38 of 47 people found the following review helpful
Be Advised -- with a biographer like this, who needs enemies?,
This review is from: How Can I Keep from Singing?: The Ballad of Pete Seeger (Paperback)
David King Dunaway's biography is valuable, but be advised, the author is no friend of folk music and is patronizing to Pete Seeger. In this he echoes the attitude of 1950s U.S. Cold War academic political science departments to folk music and folk musicians. Dunaway writes: "In the twenty-first century, the appeal of Pete Seeger is akin to that of a nineteenth-century Romantic figure, the rustic innocent with the magic flute, who appeals to those unable to live fully for the frantic quality of their lives," p. 421.
The book falls short as an explanation of Seeger's politics and does little to enlighten readers about the appeal of his music, since the author has no curiosity about the former and is lacking in knowledge about the latter.
There are also many very nasty comments in this book about other figures in the folk singing world, effectively unattributed, since the notes at the end are merely general attributions for each chapter without specifically stating who said what. Nor is there any attempt to interpret or give a context for these inflamatory remarks.
Dunaway is also inaccurate. He gets wrong the name of Seeger's nemesis Karl Joachim Friedrich (the teacher of Henry Kissinger and Zbigniew Brzezinski). The German-born Friedrich, a political scientist who was an adviser to the US military on propaganda during World War 2, was violently opposed to populist movements and wrote an article about Seeger and the Almanac Singers in the Atlantic Monthly in 1941, calling them "the Poison in Our System." Dunaway misspells the name of this writer as Carl Frederick, as though he were just a random writer and not a highly influential Cold War figure.
Dunaway also mis-attributes the authorship of Irving Berlin's "Blue Skies" to George Gershwin and claims (implausibly) that Seeger had to conceal his liking for this song from his classical music-loving parents.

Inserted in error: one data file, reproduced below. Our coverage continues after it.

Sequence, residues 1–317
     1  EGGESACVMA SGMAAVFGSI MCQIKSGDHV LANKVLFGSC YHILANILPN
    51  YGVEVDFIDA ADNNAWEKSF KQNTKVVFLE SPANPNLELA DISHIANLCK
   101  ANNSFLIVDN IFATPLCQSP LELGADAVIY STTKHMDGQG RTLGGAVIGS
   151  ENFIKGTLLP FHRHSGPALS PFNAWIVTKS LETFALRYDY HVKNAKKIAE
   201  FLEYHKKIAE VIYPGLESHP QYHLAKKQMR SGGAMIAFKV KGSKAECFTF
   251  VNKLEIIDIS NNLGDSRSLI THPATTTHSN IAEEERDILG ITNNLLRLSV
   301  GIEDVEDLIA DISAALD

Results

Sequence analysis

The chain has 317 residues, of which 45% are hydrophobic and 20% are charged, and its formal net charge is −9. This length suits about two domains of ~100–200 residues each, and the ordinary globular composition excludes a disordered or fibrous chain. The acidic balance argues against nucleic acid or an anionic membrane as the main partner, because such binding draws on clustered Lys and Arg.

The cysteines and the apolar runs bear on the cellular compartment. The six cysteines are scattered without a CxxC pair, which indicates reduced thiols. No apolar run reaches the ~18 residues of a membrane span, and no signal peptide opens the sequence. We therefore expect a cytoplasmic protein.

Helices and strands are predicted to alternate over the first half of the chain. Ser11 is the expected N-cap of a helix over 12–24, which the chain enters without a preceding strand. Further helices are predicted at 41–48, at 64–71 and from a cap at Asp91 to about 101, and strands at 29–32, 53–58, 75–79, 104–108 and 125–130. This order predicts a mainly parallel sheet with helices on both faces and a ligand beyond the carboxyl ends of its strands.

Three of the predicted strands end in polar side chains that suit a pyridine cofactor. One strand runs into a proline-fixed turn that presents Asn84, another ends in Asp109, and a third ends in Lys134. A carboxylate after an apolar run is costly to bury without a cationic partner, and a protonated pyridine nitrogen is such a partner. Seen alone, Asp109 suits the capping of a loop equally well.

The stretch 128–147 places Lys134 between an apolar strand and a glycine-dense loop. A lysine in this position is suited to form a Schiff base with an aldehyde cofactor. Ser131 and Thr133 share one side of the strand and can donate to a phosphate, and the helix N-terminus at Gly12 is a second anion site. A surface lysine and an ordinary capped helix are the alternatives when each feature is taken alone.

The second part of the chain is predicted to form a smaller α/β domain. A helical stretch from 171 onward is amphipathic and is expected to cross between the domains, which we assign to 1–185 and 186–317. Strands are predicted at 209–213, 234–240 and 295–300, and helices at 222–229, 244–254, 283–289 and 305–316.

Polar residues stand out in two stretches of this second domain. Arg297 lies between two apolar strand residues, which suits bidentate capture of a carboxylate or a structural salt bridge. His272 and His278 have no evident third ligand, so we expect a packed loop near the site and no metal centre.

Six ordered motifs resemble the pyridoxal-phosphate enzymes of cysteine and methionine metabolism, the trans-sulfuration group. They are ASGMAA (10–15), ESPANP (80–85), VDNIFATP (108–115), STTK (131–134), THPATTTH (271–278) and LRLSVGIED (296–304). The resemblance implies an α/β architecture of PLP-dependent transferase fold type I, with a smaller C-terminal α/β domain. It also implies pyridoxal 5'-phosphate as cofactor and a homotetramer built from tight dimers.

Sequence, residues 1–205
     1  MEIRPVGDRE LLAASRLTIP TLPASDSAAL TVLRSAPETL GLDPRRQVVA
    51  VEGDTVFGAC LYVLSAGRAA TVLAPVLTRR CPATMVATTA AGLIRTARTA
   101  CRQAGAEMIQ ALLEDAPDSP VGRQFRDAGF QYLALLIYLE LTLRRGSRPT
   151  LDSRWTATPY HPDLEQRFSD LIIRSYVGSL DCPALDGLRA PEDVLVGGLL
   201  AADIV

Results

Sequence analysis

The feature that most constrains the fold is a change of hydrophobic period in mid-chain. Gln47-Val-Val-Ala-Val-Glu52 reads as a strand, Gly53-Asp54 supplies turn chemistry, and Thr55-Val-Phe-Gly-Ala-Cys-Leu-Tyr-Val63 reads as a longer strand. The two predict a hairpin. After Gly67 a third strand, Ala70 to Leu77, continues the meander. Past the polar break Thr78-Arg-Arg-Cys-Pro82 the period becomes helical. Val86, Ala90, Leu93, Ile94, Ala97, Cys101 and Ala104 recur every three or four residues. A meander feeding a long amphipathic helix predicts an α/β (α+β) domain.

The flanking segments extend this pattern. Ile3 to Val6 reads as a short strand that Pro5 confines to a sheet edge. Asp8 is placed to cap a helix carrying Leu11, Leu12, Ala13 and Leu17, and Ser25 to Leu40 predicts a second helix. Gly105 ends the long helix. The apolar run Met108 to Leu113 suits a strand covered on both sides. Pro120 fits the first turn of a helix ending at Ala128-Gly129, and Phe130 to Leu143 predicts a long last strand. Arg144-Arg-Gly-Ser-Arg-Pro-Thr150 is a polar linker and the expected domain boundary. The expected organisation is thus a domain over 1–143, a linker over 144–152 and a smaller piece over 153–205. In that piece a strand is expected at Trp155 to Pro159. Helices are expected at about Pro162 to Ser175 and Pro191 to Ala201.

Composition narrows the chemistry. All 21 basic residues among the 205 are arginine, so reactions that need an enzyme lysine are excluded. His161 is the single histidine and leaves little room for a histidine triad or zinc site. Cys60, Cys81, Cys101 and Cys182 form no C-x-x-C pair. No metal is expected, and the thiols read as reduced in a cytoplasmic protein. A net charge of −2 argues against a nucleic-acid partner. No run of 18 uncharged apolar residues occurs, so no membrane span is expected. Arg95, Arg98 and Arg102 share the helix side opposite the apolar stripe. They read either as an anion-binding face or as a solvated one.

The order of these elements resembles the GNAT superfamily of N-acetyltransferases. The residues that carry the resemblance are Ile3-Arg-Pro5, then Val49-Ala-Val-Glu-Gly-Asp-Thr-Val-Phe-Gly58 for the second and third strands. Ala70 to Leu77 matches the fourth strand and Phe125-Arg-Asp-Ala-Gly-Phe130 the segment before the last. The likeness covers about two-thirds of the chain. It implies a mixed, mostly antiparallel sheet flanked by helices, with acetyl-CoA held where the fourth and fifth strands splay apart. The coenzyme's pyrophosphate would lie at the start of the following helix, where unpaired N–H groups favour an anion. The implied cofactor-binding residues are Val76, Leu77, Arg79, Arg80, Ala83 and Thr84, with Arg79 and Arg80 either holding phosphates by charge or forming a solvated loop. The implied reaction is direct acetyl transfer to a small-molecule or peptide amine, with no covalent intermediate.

Finally, Dunaway spends much too much time on what neo-conservatives like David Hadju, David Horowitz, and David Boas (of the Cato Institute) had to say about Pete Seeger in the 1990s, giving these writers, who have little to do with music or folk music, way too much weight and respect.
In other words, with a friendly biographer like Dunaway, Pete Seeger doesn't need any enemies.
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Showing 1-4 of 4 posts in this discussion
Initial post: May 31, 2009 4:33:35 PM PDT
Mr. J. Duncan says:
Thankyou for this review. Ah, there's nothing like a little bit of insight and attention to detail when reviewing something. So often there are hidden agendas which only reveal themselves when you read between the lines. As a long time fan of Pete Seeger, I for one would indeed prefer more of an examination about his music and storytelling than his political views, given that firstly, this is a well worn path, and secondly, Mr Seeger has always worn his political heart on his sleeve: one can sometimes overcomplicate and over-analyse what is really a fairly straight forward issue. Pete Seeger is arguably the most humble of twentieth century musicians and certainly does not need to be patronized by this biographer. His focus has always been on the power of music and storytelling to bring people together, not on the power of politics to divide them.
Posted on Jan 28, 2014 10:05:40 AM PST
Trevor Trevorson says:
Good review thanks. A sad day for fans of Mr Seeger and his politics.
Posted on Jan 29, 2014 9:38:06 PM PST
rain cloud says:
Harold, you should write a book about seeger. the time is now.
Posted on Feb 22, 2014 12:19:21 PM PST
Pat Nance says:
Thanks for helping separate the false from the true just as Pete would do.
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